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Cruise Line Passenger Pregnancy Policies

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Just ran across this article on Philly.com, about an expectant couple who discovered a short time before their day of embarkation on a 5-night Carnival Fascination cruise that they would be denied boarding. Carnival decided to hold fast to their rule of banning passengers who are 25 weeks or more pregnant. In addition, the cruise line did not refund them the fare. <br />

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Here's the article - feel free to weigh in!<br />

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<a href='http://mobile.philly.com/travel/?wss=/philly/travel&id=196627331'>http://mobile.philly.com/travel/?wss=/philly/travel&id=196627331</a><br />

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I, for one, even if I were just 12 weeks along, would prefer to stay close to home where I have access to my own doctor and hospital. If an emergency should happen, the last place I would want to be is in the middle of the ocean or in a strange land.<br />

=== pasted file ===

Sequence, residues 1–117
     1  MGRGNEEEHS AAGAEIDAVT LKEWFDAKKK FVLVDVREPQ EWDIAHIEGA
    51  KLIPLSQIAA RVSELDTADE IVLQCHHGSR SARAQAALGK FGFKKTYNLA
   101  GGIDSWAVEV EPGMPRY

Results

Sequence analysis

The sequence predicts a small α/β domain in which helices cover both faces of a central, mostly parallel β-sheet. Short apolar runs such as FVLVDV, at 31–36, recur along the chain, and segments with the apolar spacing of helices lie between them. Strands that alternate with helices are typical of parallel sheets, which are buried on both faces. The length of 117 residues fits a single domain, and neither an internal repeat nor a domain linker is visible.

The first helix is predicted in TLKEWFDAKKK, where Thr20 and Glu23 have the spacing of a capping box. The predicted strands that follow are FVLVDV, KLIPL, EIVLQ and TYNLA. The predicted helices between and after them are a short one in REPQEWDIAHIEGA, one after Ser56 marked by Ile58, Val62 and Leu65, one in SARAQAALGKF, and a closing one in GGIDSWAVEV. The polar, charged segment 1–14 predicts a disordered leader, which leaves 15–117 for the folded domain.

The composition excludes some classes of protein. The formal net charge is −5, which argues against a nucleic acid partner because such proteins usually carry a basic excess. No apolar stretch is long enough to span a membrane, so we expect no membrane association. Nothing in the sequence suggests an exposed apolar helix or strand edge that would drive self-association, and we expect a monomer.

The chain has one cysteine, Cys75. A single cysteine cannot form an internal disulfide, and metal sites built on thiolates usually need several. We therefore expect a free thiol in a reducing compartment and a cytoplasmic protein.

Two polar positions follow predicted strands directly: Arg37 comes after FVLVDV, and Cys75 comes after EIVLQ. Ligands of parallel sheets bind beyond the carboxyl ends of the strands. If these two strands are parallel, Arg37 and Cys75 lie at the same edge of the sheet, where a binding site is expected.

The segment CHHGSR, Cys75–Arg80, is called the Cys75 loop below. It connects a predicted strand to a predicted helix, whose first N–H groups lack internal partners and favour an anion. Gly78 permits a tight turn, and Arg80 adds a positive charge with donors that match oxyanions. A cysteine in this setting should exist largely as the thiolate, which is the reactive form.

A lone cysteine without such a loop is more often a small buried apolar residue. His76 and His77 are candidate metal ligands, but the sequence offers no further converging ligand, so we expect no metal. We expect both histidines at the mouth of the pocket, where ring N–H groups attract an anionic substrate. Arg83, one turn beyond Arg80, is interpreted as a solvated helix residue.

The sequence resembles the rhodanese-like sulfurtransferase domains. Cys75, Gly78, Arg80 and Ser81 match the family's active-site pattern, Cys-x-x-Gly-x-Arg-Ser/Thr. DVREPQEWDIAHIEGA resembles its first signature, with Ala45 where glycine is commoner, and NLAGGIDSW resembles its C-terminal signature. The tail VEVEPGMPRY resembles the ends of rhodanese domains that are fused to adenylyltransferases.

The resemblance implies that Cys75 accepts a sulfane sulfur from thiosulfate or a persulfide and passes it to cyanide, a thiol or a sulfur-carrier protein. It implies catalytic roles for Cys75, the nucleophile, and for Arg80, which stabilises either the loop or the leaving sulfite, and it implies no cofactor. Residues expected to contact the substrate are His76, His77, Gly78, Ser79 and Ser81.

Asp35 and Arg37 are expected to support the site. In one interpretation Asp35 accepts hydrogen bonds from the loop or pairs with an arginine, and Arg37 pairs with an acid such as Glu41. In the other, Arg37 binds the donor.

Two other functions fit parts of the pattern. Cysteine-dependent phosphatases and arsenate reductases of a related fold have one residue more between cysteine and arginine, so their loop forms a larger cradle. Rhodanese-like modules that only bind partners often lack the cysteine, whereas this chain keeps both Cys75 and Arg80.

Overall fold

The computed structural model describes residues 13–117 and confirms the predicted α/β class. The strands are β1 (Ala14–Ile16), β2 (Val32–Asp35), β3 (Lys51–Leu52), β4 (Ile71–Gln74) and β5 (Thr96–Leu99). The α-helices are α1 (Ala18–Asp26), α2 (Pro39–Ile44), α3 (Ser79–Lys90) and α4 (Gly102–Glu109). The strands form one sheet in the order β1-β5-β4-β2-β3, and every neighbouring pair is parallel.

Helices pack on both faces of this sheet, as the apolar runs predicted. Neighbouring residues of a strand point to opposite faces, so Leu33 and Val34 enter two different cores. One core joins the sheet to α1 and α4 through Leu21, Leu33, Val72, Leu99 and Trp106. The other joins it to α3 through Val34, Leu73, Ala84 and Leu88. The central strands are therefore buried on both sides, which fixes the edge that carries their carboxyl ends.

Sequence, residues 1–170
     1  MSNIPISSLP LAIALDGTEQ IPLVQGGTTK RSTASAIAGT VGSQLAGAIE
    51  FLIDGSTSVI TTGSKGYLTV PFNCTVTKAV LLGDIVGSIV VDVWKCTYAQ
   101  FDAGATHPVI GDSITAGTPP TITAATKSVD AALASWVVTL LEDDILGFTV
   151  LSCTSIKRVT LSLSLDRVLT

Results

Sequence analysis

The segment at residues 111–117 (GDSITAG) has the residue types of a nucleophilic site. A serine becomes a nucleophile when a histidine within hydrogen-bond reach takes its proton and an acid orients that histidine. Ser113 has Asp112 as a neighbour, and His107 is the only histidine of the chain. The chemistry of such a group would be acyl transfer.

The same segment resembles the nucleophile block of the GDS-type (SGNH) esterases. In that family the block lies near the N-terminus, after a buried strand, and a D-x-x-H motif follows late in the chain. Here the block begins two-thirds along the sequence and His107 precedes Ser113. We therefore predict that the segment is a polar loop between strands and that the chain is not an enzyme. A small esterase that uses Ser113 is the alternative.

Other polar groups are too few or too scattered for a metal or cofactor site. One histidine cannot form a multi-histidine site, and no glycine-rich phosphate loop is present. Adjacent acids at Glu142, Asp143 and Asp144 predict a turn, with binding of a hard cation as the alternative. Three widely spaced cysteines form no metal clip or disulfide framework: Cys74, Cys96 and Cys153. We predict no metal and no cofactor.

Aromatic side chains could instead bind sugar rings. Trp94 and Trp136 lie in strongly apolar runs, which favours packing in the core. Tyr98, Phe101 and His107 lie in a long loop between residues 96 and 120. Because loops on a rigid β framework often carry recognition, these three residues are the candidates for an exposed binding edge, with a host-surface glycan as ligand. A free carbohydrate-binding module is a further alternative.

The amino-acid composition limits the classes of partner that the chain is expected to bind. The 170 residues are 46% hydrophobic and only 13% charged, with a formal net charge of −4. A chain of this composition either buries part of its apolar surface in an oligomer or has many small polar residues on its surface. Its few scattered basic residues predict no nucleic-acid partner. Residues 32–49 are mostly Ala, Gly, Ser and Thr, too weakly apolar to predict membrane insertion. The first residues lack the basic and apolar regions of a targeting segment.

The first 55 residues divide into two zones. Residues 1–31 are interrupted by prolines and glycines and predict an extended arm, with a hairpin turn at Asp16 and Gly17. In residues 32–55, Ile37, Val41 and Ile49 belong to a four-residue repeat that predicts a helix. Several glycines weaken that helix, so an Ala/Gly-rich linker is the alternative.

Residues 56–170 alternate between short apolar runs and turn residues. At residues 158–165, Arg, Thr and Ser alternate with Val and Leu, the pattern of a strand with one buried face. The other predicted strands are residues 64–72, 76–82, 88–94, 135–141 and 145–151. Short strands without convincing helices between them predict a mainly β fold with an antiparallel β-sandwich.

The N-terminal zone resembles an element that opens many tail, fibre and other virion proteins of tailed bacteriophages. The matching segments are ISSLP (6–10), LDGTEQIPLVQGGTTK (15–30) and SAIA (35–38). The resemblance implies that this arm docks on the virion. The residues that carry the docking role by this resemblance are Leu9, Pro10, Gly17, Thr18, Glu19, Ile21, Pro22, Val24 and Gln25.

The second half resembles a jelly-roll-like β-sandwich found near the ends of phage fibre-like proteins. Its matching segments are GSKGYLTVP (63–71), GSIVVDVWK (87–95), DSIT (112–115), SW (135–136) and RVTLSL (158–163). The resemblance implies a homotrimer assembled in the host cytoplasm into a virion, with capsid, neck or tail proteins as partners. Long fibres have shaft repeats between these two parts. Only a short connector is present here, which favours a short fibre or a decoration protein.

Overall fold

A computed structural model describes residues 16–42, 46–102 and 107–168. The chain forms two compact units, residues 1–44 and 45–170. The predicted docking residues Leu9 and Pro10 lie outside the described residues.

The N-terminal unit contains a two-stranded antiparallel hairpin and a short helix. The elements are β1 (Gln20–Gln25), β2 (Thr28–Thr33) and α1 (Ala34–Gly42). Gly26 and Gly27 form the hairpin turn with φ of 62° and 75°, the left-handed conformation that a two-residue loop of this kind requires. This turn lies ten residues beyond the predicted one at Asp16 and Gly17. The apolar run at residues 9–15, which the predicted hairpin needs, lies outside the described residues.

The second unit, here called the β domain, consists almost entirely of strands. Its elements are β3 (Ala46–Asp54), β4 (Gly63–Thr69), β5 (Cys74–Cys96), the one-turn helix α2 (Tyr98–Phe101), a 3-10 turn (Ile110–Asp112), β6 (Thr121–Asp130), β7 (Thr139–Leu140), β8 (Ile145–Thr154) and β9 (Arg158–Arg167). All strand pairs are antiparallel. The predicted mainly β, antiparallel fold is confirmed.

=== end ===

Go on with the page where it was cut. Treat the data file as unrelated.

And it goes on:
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Secondly, in the case of this couple, they seemed unaware of the pregnancy rule when they booked, nor were they advised of such by their TA, even though it is clearly stated in the cruise contract. <br />

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By the way, this is purely coincidence (I hope) that this concerns a Carnival ship. All cruiseline's have pregnancy policies in place.

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Way back at the start of our first cruise, the ship had to make an emergency stop at Cabo San Lucas to get a woman who had gone into early labor to the hospital. By the end of the cruise it was announced that Mom and baby girl were both fine and that the parents had chosen “Jubilee” for the baby’s middle name – that’s the name of the Carnival ship we were on!

Just like most other cruise line policies, this one is in place to protect their guests. Shipboard medical facilities are not really equipped to take care of emergency premature labor and some of the ports that are visited may not have the necessary facilities as well – so why risk it?

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